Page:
More and more, researchers are investigating the beneficial effects of marijuana on a variety of diseases. In Clinical Gastroenterology and Hepatology this week, researchers in Israel reported their findings from a study of how cannabis affects patients with Crohn's disease.

Cannabis sativa has been reported to benefit inflammatory bowel diseases, the researchers wrote. The team wanted to see if it was possible to induce remission in Crohn's patients through cannabis treatment.

Crohn's disease may affect any part of the gastrointestinal tract and cause a wide variety of symptoms, from abdominal pain and diarrhea to arthritis and skin rashes. Susceptibility to the disease is thought to have a genetic component, but also involves interactions between a person's environment, immune systems, and microbial populations. There is currently no cure, and though remission is possible, the disease often recurs. The disease can be managed through certain lifestyle changes like adjustments to a patient's diet. Doctors sometimes prescribe antibiotics to manage any infections a Crohn's patient may develop, and corticosteroids are sometimes used to treat inflammation. According to the Mayo Clinic, however, those corticosteroids can have severe side effects ranging from excessive facial hair and insomnia to high blood pressure, osteoporosis, and glaucoma, if used for prolonged periods of time.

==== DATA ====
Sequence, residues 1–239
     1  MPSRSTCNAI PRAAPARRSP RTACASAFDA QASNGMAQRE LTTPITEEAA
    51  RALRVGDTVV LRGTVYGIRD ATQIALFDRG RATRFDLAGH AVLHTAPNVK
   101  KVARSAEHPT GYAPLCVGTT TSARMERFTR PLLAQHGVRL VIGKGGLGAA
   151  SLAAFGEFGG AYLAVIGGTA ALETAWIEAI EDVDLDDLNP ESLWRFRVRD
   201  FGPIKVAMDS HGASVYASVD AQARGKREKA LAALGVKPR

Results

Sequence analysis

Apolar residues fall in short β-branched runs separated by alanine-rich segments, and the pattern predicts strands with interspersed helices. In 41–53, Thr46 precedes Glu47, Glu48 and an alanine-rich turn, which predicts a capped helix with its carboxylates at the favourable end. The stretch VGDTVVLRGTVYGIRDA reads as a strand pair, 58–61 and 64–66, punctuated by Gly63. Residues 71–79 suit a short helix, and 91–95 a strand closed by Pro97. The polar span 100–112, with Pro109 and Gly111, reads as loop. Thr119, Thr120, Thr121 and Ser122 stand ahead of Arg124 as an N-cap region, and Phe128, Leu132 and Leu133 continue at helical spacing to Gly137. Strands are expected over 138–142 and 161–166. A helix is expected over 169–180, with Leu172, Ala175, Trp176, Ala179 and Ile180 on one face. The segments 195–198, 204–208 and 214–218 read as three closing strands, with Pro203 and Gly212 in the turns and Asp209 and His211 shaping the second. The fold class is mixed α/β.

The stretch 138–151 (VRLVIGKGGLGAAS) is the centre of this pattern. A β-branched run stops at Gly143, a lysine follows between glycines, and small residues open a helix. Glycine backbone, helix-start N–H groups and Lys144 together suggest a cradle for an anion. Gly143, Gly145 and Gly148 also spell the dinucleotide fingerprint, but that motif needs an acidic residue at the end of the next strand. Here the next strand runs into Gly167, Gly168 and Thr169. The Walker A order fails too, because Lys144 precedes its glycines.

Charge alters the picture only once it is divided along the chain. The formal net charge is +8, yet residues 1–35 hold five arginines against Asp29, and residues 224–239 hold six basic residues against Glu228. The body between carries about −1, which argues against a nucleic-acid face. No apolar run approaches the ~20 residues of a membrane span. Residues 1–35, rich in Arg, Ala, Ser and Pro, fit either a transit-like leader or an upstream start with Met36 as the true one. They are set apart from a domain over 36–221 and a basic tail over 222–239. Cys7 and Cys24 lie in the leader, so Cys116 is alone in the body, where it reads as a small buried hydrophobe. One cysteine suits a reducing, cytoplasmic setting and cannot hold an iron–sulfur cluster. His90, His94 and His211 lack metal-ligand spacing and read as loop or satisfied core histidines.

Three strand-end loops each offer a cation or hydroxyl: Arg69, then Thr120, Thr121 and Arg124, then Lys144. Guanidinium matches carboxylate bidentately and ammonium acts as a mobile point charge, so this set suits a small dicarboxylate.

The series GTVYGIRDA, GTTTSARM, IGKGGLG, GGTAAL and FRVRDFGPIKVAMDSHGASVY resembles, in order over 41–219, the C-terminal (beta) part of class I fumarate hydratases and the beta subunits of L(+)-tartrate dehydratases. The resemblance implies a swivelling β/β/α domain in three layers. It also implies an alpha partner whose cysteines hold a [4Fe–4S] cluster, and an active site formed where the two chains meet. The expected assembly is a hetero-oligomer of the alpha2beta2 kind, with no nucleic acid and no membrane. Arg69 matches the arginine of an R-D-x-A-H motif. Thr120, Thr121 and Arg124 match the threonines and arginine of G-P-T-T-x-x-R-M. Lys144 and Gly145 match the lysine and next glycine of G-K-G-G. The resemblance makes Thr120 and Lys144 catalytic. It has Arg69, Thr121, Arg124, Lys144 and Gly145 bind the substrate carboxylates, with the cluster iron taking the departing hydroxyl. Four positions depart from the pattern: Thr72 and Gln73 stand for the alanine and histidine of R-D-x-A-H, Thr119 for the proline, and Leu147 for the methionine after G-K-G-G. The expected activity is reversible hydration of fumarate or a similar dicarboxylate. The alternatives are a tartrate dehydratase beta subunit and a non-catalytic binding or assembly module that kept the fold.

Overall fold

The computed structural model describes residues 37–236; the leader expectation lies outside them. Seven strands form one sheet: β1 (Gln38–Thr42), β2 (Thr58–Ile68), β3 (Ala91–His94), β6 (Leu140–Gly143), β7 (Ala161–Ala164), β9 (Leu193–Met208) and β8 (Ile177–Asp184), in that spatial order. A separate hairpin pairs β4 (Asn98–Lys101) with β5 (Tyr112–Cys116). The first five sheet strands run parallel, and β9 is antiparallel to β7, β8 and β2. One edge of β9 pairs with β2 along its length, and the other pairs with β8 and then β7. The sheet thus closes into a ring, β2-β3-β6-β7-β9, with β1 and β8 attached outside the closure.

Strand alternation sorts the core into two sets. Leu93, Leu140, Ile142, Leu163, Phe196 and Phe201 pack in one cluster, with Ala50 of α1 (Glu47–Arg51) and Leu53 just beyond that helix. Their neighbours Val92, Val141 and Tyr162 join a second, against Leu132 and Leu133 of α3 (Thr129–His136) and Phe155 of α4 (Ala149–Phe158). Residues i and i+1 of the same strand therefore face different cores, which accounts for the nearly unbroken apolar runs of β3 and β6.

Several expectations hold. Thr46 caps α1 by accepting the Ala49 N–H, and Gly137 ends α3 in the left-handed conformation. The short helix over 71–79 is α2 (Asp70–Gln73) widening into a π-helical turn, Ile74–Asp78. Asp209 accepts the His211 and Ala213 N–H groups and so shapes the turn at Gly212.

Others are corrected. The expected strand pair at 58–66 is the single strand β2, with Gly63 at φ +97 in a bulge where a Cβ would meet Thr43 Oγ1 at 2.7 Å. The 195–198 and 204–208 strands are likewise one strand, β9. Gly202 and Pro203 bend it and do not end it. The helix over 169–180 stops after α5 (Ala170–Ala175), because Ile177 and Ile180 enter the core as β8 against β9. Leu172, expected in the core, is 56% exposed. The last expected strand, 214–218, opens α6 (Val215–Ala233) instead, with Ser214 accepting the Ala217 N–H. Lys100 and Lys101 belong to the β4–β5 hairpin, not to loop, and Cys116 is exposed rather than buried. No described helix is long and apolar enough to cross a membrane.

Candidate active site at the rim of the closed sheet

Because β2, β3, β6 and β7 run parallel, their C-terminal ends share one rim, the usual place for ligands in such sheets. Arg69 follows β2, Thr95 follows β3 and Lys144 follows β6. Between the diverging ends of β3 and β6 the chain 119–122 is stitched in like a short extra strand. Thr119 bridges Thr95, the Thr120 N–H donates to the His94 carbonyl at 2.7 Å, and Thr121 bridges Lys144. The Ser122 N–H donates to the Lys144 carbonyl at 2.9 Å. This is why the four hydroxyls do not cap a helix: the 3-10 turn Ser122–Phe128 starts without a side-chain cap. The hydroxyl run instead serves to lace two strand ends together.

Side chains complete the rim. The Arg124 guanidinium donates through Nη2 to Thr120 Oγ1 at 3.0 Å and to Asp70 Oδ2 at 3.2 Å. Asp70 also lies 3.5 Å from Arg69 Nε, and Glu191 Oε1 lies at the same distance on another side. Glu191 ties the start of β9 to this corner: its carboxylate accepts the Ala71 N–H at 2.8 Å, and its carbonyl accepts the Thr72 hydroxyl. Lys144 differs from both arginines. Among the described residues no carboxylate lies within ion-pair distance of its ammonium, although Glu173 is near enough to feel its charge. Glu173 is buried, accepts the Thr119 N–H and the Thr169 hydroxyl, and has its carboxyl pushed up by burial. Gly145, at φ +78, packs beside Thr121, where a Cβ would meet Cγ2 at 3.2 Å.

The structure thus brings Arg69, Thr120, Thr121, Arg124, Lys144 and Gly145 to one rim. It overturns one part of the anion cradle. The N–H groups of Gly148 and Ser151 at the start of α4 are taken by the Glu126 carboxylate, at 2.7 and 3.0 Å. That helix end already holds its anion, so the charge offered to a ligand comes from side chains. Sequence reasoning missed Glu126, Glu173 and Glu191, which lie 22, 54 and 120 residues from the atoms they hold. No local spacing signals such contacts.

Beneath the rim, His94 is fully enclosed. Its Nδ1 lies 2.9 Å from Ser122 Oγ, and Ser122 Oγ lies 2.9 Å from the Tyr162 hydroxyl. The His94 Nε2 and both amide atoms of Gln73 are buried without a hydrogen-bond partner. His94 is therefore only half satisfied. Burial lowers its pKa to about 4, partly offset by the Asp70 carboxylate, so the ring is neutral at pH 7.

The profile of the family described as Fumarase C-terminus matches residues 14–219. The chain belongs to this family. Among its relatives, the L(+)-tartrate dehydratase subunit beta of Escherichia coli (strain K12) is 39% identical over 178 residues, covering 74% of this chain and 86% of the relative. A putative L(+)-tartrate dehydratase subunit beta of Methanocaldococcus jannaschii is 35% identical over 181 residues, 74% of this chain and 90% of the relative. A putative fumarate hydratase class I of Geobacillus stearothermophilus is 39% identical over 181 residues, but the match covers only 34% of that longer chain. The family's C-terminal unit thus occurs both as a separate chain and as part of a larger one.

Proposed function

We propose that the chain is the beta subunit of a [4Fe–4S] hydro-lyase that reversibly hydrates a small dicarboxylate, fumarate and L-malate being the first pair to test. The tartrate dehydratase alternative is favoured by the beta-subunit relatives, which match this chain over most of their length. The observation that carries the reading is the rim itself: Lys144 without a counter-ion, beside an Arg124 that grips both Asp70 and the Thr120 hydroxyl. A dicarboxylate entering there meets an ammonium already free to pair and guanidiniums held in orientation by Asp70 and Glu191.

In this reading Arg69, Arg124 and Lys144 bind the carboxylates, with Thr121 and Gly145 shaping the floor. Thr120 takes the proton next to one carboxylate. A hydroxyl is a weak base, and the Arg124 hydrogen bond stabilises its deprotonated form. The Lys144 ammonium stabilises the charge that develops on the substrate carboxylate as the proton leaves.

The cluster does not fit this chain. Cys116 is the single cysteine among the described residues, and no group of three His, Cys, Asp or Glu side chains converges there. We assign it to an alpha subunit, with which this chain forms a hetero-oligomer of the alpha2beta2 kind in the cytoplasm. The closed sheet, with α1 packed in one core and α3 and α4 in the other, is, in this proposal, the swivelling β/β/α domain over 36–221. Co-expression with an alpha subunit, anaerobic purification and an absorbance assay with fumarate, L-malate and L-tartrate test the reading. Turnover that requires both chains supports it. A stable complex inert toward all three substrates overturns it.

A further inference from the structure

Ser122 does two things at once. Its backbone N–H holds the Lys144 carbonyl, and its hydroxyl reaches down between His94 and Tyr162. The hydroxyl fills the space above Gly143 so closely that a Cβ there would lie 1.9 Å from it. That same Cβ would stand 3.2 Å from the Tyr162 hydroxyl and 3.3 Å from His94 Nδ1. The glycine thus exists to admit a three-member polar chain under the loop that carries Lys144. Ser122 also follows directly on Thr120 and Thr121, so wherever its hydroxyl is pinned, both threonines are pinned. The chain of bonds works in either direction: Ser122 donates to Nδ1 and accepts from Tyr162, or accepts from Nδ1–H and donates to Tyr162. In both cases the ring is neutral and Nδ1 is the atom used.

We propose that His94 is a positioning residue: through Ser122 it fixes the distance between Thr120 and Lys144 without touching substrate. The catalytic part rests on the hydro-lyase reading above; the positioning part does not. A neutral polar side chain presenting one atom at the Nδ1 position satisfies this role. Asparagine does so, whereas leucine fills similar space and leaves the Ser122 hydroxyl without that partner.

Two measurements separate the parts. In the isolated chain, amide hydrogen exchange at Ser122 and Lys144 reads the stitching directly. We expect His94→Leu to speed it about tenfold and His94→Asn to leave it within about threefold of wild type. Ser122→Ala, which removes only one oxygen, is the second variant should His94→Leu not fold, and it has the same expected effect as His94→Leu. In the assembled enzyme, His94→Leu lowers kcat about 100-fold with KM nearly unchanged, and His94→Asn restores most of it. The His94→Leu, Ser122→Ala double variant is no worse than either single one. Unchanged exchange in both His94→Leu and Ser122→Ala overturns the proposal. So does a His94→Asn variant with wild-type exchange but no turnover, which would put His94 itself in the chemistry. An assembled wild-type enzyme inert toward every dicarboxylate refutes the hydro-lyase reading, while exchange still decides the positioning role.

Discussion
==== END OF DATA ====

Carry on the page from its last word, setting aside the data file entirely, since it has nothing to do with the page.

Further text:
In this new study, the researchers analyzed data from 21 Crohn's patients who did not respond to standard therapy. Eleven participants were given cannabis, and 10 were given a placebo. The researchers observed a clinical response in 10 of the 11 patients in the cannabis group, but in only four of the 10 in the placebo group. Further, the researchers wrote, three of the patients in the cannabis group were weaned off from steroid dependency, and the patients in the cannabis group also reported sleeping and eating better.

"Although the primary endpoint of the study (induction of remission) was not achieved, a short course (8 weeks) of THC-rich cannabis produced significant clinical, steroid-free benefits to 11 patients with active CD, compared to placebo, without side effects," the team wrote. "Further studies, with larger patient groups and a non-smoking mode of intake, are warranted."

Naftali, T, Lev, LB, Lansky, EP, Sklerovsky, BF, Konikoff, FM. Cannabis Induces a Clinical Response in Patients with Crohn's Disease: a Prospective Placebo-Controlled Study. Clinical Gastroenterology and Hepatology. 2013. doi:10.1016. Accessed May 14, 2013.